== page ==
Because I use Klaviyo as my email provider, I have all of this data available at the push of a button and I can easily create email segments.
For example, here’s a segment of repeat customers that I created in 2 seconds.
Klaviyo will also filter out your best customers for you at the push of a button
If you have not performed this analysis on your own website yet, I highly advise that you start now because you’ll likely be in for a shock.
For example when I first ran this analysis on my own shop, I discovered that almost all of our best customers were hotels, caterers or event planners!
Step 4: Reach Out To Your Best Customers
Once you know who your best customers are, it’s time to establish a relationship.
Personally, I like to call customers directly but you can just as easily reach out via email or snail mail. In my experience, a phone conversation works best.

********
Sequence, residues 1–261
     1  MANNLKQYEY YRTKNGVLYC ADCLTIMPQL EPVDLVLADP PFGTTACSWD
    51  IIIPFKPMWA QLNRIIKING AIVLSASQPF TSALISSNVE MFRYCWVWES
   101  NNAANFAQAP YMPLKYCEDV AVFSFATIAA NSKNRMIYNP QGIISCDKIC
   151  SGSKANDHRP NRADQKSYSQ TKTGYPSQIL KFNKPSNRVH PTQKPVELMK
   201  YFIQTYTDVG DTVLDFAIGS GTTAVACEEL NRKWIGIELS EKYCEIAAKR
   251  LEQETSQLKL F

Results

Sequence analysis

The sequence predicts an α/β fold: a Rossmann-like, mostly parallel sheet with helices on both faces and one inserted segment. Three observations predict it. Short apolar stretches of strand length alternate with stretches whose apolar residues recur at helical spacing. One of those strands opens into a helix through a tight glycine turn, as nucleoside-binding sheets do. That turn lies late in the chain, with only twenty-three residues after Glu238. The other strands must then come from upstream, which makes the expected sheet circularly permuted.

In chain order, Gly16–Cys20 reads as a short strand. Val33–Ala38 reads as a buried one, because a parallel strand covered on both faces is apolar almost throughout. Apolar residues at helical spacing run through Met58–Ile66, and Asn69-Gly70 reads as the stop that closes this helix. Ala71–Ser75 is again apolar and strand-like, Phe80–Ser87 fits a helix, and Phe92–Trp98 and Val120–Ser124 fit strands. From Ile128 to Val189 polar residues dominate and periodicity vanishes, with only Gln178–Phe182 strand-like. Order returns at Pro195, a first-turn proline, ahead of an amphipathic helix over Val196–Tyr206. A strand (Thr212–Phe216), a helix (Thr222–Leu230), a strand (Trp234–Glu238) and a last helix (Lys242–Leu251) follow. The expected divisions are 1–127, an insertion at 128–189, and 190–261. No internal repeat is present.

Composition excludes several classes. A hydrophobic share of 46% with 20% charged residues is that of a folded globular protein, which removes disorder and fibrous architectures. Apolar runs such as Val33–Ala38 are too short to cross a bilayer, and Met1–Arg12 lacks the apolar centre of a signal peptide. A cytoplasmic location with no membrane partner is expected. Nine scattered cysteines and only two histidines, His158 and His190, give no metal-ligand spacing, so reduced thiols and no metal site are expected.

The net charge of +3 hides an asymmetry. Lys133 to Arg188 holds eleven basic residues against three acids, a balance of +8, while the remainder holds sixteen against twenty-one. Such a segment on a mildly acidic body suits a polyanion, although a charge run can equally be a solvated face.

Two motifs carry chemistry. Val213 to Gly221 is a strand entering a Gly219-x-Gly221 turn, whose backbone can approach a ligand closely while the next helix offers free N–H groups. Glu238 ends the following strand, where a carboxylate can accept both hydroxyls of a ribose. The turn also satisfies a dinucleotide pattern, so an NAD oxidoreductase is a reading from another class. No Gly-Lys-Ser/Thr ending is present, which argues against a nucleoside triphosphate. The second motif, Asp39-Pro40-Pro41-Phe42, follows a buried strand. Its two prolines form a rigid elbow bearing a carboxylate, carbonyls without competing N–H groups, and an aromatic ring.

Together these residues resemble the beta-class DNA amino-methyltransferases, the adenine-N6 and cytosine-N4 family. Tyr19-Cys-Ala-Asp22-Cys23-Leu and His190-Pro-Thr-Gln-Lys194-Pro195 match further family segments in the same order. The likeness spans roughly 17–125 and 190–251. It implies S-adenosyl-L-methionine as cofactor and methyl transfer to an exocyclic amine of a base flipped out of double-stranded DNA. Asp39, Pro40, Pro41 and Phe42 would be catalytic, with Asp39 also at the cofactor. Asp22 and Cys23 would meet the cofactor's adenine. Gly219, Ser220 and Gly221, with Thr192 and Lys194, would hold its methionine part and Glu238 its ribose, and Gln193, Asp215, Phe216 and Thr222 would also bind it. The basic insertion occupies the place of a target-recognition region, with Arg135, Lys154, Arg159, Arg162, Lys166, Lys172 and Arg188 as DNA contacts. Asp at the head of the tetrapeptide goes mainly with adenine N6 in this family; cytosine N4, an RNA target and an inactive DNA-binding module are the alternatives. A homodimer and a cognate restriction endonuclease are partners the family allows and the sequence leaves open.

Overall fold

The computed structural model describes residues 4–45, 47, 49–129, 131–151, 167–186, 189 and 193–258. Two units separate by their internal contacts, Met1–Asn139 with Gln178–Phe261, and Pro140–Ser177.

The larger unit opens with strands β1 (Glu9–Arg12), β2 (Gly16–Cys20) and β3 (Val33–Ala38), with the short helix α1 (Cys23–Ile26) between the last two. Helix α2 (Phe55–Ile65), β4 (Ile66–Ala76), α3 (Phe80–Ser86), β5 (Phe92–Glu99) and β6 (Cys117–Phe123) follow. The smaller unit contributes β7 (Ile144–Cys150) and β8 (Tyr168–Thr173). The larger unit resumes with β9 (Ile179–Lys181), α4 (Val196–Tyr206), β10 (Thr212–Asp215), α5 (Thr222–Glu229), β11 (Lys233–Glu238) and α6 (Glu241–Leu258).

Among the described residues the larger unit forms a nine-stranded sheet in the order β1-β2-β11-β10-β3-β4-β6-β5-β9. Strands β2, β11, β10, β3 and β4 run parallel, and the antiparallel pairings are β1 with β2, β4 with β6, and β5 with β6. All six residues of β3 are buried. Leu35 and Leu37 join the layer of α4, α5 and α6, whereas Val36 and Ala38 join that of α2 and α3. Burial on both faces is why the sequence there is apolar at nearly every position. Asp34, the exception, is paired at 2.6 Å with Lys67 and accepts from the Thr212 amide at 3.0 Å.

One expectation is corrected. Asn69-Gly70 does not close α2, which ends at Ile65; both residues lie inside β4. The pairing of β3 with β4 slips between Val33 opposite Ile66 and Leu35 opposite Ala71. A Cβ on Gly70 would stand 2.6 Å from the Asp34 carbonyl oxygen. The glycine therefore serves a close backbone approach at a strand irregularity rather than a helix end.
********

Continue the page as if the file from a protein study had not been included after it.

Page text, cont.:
The key thing to realize is that these people are ALREADY your customers.
- They are aware of your company
- They have given you money
- They are satisfied with their purchase
They are NOT cold contacts and they will probably need your products again!
Once I get a client on the phone, I’ll usually offer them special discounts and a dedicated representative for future orders.
Because most of our large customers are business clients, they are usually thrilled to get a discount and special treatment.
Some of the benefits that we offer our largest clients include…